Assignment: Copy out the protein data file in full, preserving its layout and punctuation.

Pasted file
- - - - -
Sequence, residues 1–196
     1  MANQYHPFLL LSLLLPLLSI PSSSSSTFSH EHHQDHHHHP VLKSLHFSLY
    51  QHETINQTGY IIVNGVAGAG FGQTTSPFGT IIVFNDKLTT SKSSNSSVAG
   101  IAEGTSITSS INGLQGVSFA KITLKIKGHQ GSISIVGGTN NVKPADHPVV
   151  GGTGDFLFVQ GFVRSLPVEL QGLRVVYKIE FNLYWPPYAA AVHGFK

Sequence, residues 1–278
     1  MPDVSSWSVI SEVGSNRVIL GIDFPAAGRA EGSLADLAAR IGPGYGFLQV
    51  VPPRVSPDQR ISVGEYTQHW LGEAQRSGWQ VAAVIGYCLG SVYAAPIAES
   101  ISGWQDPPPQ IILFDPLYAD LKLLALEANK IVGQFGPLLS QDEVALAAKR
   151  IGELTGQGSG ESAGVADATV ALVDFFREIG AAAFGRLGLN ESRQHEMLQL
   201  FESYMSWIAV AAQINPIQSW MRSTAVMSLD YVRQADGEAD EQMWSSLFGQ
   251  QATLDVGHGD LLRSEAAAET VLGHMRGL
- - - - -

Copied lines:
Sequence, residues 1–196
     1  MANQYHPFLL LSLLLPLLSI PSSSSSTFSH EHHQDHHHHP VLKSLHFSLY
    51  QHETINQTGY IIVNGVAGAG FGQTTSPFGT IIVFNDKLTT SKSSNSSVAG
   101  IAEGTSITSS INGLQGVSFA KITLKIKGHQ GSISIVGGTN NVKPADHPVV
   151  GGTGDFLFVQ GFVRSLPVEL QGLRVVYKIE FNLYWPPYAA AVHGFK

Sequence, residues 1–278
     1  MPDVSSWSVI SEVGSNRVIL GIDFPAAGRA EGSLADLAAR IGPGYGFLQV
    51  VPPRVSPDQR ISVGEYTQHW LGEAQRSGWQ VAAVIGYCLG SVYAAPIAES
   101  ISGWQDPPPQ IILFDPLYAD LKLLALEANK IVGQFGPLLS QDEVALAAKR
   151  IGELTGQGSG ESAGVADATV ALVDFFREIG AAAFGRLGLN ESRQHEMLQL
   201  FESYMSWIAV AAQINPIQSW MRSTAVMSLD YVRQADGEAD EQMWSSLFGQ
   251  QATLDVGHGD LLRSEAAAET VLGHMRGL